Suddenly, my labor and delivery room was like a scene out of poorly recreated emergency-room show on the Discovery Health network. I would be having a C-section, and there were at least ten nurses, anesthesiologists, physicians and surgeons swarming around the room to make sure it would be in the next few minutes. A new anesthesiologist cranked about six gallons of extra-special C-section fluid into my existing epidural, and a nurse gave me a small cup of something bitter and disgusting “for your stomach.” They flung me onto a gurney, and as I began to sob uncontrollably, wheeled me into an adjoining operating room.

I’m not proud of how I responded, but I was terrified and pissed off — and I hadn’t slept, eaten, or had anything to drink since my bowl of Cheerios and Diet Coke 28 hours earlier. I began playing my favorite mental game, What Did I Do Wrong and How Could I Have Prevented This?, as the nurses hung up that awful C-section sheet and wrapped my upper body in folded towels. I should have taken my Iron supplement more faithfully, I thought. I shouldn’t have gone with the epidural. I should have waited to start pushing.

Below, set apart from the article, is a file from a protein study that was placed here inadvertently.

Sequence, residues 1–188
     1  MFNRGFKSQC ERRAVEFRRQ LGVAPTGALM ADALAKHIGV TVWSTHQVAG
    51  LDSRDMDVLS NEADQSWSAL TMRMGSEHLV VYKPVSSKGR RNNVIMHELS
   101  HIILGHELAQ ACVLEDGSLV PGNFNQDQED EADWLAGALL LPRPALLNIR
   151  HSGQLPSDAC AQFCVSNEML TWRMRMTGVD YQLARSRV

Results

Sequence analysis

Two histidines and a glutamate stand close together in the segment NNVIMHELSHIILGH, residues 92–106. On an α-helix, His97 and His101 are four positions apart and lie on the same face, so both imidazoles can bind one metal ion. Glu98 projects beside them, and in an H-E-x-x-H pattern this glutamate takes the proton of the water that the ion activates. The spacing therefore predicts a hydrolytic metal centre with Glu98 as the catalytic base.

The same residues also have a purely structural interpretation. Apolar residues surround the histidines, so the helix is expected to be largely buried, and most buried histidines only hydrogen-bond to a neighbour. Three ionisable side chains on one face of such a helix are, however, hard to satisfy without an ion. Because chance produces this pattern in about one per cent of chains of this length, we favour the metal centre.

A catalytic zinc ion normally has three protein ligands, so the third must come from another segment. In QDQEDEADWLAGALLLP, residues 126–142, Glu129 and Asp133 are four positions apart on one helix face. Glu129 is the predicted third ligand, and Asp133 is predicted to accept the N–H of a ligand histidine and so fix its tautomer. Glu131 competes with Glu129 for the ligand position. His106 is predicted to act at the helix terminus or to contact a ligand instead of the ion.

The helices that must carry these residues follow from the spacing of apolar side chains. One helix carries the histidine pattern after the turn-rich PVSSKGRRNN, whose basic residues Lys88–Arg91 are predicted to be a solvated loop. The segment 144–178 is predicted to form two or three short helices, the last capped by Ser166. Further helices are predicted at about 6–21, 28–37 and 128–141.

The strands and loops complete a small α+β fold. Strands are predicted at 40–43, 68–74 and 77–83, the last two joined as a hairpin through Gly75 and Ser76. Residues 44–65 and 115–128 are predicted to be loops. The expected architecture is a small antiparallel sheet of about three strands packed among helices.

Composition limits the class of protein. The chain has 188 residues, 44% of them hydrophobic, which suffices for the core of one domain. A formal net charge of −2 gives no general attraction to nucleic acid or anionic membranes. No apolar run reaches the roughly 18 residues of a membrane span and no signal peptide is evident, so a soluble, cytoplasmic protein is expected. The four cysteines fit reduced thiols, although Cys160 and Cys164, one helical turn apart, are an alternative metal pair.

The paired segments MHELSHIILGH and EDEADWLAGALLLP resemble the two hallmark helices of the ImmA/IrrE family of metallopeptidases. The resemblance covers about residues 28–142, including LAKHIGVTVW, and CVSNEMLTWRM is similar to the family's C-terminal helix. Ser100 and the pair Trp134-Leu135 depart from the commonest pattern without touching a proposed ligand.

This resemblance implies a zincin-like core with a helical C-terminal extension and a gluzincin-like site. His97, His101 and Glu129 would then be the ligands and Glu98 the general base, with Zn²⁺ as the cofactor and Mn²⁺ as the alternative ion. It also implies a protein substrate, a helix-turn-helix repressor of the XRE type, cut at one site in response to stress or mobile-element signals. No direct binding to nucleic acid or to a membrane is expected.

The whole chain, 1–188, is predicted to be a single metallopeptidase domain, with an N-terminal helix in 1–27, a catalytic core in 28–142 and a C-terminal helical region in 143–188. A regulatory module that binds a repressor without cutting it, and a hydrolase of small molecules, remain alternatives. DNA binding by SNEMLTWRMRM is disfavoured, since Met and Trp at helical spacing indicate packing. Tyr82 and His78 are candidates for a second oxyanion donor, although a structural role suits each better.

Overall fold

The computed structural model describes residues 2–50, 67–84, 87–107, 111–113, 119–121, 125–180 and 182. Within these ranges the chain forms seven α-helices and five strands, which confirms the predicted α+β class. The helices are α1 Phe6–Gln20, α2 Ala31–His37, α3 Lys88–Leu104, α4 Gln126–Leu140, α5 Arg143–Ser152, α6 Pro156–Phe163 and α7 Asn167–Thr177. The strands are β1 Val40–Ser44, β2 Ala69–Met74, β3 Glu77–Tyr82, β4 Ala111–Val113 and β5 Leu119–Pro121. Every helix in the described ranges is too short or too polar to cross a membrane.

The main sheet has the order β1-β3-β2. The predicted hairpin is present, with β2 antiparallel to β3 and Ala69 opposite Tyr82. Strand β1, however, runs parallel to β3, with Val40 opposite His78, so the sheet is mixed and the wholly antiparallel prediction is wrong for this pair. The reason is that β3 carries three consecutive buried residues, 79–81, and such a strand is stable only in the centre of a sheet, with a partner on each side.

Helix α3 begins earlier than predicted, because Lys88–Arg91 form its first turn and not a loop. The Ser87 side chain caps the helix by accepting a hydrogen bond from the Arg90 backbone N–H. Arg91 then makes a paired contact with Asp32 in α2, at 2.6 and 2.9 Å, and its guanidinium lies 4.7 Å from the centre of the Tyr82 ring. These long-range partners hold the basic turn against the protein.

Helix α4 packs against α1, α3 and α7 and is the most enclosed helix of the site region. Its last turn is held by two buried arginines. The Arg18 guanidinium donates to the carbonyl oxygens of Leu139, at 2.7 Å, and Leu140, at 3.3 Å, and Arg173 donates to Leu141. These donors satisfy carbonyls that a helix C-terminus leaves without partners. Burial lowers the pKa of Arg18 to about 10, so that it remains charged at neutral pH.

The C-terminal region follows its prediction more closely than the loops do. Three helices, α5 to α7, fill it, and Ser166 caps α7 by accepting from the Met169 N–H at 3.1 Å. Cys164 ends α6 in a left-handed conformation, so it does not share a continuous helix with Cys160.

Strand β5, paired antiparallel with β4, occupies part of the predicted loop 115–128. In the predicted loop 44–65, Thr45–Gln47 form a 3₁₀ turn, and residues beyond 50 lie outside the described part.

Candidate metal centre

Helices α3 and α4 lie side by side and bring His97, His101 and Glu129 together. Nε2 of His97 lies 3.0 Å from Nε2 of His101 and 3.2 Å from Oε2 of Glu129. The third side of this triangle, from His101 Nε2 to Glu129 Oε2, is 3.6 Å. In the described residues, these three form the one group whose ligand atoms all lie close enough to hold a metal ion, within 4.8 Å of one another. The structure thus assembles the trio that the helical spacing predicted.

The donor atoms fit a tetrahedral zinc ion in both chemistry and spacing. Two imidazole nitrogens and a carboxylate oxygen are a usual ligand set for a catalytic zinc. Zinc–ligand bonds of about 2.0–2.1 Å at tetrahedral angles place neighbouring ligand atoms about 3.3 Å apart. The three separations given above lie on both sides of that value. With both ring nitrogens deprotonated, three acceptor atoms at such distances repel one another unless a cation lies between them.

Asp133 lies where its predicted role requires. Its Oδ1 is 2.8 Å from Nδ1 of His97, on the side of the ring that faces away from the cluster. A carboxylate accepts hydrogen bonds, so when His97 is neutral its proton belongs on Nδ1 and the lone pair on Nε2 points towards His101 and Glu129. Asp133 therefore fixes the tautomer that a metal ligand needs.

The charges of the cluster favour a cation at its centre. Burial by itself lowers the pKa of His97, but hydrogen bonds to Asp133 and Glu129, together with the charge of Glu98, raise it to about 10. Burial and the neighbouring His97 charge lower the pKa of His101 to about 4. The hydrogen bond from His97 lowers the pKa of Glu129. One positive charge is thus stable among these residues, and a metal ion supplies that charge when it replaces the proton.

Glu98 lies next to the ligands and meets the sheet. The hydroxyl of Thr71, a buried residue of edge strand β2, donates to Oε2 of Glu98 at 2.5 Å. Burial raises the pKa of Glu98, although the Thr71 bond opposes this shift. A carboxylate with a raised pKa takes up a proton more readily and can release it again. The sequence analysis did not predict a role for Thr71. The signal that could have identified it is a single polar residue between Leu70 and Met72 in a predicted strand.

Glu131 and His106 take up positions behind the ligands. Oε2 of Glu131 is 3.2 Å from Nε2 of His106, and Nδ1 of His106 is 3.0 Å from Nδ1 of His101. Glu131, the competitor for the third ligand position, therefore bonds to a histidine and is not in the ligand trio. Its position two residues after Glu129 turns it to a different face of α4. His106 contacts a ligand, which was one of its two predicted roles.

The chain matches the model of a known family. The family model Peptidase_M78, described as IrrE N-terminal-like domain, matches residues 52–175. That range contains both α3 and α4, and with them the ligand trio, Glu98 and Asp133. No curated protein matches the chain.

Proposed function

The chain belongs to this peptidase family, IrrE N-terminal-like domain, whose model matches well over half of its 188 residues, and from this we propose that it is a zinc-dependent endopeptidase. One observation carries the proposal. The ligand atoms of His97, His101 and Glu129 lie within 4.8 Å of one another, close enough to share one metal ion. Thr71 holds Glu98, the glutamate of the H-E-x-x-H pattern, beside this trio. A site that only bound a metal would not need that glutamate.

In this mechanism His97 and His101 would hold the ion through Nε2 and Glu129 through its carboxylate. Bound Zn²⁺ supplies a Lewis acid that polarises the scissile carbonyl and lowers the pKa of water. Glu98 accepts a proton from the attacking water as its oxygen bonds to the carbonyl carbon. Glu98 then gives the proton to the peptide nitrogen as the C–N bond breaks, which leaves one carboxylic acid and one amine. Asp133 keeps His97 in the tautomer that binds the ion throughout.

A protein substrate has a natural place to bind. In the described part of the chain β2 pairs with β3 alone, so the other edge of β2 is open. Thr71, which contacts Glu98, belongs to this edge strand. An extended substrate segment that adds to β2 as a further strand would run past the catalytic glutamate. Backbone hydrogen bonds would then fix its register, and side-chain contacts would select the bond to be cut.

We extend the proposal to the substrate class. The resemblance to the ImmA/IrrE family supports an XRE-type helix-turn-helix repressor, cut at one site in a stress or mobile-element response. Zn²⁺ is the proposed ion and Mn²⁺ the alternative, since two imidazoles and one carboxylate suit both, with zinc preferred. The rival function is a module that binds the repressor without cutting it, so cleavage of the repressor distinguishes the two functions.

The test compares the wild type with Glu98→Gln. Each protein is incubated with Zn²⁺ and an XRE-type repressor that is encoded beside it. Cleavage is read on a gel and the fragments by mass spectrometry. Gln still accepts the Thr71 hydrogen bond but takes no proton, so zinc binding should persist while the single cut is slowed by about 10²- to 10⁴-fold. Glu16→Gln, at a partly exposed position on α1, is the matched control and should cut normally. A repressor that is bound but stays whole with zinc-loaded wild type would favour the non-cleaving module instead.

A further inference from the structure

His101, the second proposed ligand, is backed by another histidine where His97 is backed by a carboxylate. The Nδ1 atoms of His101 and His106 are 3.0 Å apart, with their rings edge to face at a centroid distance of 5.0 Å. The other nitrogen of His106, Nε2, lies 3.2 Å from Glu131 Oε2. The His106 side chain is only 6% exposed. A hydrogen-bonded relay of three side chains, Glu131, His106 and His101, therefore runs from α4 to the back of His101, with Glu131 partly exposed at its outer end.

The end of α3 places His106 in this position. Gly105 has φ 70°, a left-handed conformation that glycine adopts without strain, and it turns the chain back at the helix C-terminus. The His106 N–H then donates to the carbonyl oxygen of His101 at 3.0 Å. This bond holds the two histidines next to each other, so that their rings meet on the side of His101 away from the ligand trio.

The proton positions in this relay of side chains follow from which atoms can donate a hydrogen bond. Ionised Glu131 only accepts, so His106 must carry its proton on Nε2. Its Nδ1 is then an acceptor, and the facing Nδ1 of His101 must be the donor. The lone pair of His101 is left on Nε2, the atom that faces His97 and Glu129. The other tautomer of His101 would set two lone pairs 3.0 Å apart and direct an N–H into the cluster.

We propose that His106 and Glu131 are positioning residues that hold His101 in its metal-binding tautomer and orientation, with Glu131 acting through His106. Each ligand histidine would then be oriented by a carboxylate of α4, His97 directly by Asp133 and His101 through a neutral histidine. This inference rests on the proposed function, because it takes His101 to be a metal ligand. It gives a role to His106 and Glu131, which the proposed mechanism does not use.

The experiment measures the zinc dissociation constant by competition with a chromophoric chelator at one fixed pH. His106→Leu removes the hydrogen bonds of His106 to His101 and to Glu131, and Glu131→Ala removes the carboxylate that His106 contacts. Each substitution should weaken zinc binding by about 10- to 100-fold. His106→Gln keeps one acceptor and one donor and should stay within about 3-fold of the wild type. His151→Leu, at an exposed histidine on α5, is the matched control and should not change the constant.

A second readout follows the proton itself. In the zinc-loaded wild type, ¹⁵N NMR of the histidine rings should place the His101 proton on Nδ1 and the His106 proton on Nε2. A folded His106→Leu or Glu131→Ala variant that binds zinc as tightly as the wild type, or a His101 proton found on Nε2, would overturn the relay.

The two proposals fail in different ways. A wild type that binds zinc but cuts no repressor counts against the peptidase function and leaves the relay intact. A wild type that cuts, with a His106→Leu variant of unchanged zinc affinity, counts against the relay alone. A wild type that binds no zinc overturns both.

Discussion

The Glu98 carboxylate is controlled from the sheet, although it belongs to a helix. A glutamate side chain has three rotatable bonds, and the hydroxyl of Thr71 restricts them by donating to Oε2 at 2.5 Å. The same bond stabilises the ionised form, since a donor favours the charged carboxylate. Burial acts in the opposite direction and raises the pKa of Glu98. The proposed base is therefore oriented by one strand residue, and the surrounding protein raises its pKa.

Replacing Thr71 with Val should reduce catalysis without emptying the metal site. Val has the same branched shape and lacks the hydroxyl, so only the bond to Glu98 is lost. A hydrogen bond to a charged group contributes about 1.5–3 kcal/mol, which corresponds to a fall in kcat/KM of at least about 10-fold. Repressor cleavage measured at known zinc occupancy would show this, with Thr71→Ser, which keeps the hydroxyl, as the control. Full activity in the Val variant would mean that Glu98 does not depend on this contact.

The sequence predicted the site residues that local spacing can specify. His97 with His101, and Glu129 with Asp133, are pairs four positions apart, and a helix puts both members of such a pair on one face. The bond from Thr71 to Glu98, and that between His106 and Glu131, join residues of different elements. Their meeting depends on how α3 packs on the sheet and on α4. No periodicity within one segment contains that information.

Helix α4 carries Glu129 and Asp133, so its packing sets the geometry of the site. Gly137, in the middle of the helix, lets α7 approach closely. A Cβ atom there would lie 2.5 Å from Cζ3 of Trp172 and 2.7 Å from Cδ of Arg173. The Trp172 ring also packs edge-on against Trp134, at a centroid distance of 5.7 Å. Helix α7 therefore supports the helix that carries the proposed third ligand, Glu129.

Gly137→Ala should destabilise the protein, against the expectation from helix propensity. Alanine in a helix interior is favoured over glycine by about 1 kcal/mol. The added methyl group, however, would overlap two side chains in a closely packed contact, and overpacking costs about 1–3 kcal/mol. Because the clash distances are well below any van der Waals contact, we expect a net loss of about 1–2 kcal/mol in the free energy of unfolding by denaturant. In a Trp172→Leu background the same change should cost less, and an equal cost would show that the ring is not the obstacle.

God bless the second anesthesiologist on duty that day. She sat next to me and tried to distract my pitiful self with stories about her family, questions about my work and my husband, and jokes about the towels that were positioned around my head. “You look just like Mother Theresa!”

It seemed to take an eternity, but I’m sure it was just a few minutes before she was born. I remember the anesthesiologist telling me that she was out, and then hearing a cry that sounded almost exactly like a kitten. And I was so jacked up on a variety of painkillers that I actually entertained the idea, just for a second, that maybe I’d given birth to a cat instead of a baby person.